Transparency Life Sciences picked up a win for its bet on open innovation in transforming drug development. The FDA cleared the developer's IND application to study a generic hypertension drug for a new potential use in patients with multiple sclerosis, after the startup tapped crowdsourced input from experts and patients on aspects of the clinical trial.
The study not only used New York-based Transparency's web-based Protocol Builder software to gather ideas on the design of the Phase II effort, but the trial will also be partially virtual. After patients' initial visits to trial sites, the planned 12-month study is expected to use telemonitoring technology from Advanced Monitored Caregiving and other partners to track participants until their final checkups, COO Marc Foster explained to FierceBiotechIT.
With these outside-the-box strategies, Transparency aims to drive down the cost of clinical trials by at least 50%. This is a big goal and one not easily achieved industry-wide, and at first blush, the startup's bold idea might draw some healthy skepticism. As published in a Nature Reviews Drug Discovery article in March, the number of FDA approvals per billion dollars in research money spent has been steadily declining over the past 60 years or so. The authors dubbed this "Eroom's Law," which is Moore's Law spelled backwards. Transparency's Foster believes there is hope for reversing the troubling trend.
"I think it's doable. It takes a fresh approach. It takes a bold approach," Foster said in a phone interview. "Just tinkering with the status quo is not working, and it's really resulted in an unsustainable clinical development model that has translated into escalating costs."
How does Transparency expect to drastically reduce the cost of clinical research? For starters, the company is crowdsourcing patients and healthcare experts to augment its reliance on internal thought leaders to design trial protocols. Its hope is to show that this is an efficient and effective approach to protocol design, which can take substantial time and money to complete.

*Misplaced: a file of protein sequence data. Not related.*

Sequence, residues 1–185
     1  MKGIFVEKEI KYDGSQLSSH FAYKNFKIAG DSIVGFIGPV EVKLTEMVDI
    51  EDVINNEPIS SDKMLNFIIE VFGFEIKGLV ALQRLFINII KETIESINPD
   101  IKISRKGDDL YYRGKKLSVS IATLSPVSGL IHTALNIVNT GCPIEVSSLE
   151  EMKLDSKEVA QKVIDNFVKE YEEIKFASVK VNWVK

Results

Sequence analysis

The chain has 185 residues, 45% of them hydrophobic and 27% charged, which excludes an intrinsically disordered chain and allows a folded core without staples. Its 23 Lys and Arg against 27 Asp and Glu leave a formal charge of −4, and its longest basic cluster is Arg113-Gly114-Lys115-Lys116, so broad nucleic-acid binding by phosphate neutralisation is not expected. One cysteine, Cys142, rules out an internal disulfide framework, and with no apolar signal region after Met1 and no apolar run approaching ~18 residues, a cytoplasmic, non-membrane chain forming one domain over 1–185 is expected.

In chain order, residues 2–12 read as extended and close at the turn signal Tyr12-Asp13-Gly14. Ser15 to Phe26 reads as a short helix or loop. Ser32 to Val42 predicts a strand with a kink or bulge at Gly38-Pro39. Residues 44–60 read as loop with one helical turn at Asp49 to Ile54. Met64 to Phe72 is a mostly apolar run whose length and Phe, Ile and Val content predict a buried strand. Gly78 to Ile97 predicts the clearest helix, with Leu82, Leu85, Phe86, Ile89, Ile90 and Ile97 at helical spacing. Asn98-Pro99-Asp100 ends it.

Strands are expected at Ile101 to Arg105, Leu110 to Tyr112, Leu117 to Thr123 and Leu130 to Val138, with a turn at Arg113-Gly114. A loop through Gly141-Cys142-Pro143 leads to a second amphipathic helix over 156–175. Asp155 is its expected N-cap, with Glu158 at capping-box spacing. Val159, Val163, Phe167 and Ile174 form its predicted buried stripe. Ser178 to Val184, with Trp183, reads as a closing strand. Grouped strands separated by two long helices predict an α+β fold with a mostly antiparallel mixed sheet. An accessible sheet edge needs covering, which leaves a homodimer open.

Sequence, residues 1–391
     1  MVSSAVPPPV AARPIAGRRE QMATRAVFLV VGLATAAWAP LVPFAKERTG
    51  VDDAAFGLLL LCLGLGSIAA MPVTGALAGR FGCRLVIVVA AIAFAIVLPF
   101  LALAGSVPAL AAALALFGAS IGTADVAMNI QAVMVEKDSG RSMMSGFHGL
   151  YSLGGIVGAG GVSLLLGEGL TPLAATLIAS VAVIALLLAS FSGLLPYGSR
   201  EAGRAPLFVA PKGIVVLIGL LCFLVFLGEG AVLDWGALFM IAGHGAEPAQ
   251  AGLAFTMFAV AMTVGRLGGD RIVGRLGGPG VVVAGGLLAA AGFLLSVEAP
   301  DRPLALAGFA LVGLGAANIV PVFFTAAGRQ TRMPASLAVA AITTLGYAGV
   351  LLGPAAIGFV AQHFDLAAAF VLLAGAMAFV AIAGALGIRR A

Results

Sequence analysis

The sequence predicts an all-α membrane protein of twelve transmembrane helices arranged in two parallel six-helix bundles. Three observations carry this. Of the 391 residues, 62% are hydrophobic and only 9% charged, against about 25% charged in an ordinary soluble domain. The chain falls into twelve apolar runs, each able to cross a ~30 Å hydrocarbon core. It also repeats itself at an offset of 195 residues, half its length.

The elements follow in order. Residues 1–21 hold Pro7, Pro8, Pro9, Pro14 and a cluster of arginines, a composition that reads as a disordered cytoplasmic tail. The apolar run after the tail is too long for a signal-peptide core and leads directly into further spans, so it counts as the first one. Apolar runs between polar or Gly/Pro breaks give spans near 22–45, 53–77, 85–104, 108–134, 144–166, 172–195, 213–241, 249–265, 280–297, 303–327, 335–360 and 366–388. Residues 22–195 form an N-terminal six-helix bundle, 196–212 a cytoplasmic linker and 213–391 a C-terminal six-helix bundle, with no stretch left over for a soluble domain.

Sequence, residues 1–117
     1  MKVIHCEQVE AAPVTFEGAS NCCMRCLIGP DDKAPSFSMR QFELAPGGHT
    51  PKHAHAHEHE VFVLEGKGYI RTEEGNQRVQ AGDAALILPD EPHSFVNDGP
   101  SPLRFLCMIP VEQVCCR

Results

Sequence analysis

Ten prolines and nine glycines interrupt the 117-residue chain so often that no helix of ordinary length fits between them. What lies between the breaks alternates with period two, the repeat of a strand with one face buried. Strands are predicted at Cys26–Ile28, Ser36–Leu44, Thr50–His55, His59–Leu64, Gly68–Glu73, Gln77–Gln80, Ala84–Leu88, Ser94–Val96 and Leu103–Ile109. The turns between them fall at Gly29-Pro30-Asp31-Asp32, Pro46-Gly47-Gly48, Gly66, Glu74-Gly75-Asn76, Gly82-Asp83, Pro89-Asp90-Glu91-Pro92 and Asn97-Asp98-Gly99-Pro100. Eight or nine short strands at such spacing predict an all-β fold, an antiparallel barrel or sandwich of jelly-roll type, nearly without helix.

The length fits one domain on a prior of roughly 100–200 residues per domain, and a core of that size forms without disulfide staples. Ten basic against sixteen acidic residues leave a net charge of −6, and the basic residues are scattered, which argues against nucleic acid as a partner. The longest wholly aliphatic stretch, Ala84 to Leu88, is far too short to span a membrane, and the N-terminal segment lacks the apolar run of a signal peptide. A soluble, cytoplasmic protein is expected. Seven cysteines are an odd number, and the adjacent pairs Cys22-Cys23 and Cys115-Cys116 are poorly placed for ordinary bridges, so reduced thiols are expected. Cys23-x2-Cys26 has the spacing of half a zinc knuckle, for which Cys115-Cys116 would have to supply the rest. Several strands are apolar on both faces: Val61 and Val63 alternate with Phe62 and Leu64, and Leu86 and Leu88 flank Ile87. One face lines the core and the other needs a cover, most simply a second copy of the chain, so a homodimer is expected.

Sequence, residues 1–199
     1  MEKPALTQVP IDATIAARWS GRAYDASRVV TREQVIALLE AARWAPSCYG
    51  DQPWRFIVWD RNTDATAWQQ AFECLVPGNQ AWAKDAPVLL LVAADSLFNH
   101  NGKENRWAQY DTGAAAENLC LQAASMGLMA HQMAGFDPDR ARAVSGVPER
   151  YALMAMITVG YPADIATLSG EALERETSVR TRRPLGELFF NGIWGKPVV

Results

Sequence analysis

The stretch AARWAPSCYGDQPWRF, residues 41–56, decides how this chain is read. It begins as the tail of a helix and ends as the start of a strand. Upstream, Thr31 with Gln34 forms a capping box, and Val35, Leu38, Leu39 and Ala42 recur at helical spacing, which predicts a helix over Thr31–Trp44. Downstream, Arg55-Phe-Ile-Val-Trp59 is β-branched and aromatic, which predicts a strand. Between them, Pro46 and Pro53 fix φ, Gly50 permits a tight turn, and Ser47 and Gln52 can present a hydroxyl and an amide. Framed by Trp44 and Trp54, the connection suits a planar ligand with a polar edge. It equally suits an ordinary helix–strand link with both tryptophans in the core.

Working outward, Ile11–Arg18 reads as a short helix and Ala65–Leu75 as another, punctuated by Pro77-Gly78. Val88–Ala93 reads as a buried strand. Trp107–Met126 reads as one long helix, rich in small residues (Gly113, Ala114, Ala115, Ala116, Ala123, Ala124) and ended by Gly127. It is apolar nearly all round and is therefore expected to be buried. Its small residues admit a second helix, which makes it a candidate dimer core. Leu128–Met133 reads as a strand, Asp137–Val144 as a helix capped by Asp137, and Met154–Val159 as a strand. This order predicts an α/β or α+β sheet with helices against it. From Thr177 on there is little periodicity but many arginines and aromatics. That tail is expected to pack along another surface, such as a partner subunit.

In the MS study, the company wants to trial a new use of a widely prescribed generic heart drug in the ACE inhibitor lisinopril, which has a well-established safety profile that allows the startup to begin its program with a midstage study. (A company co-founder documented the generic drug's benefits for MS in animal studies, resulting in a new method of use patent filing.) Foster also aims to get discounted supplies of the drug from generics companies. Overall, he sees an opportunity to pick up drugs that are ready for Phase II from around the industry, using the company's open innovation approach to reduce development costs of the molecules, with plans to license successful candidates to partners after midstage studies. The partners would foot the hefty bills for Phase III trials.
The company has found a lead investigator at Stanford who treats many MS patients, and Foster sees an opportunity to cut recruitment costs by enrolling all the estimated 150 to 180 study participants from the San Francisco Bay Area. Recruitment is notoriously expensive, and drawing from the investigator's large pool of patients for the study could significantly reduce that expense.
The next bucket of savings is expected to come from reduced clinical monitoring costs because participants will self-report their status from their homes with mobile devices for most of the study, reducing the cost of traveling to clinics with high costs of doing business, Foster says. Transparency is considering a GPS-enabled system to provide remote monitoring of MS patients' movements, as their neurological disorder causes progressive disability.
Transparency is taking a hybrid approach to virtual clinical development that might just work. We'll keep track of its progress.
- here's the release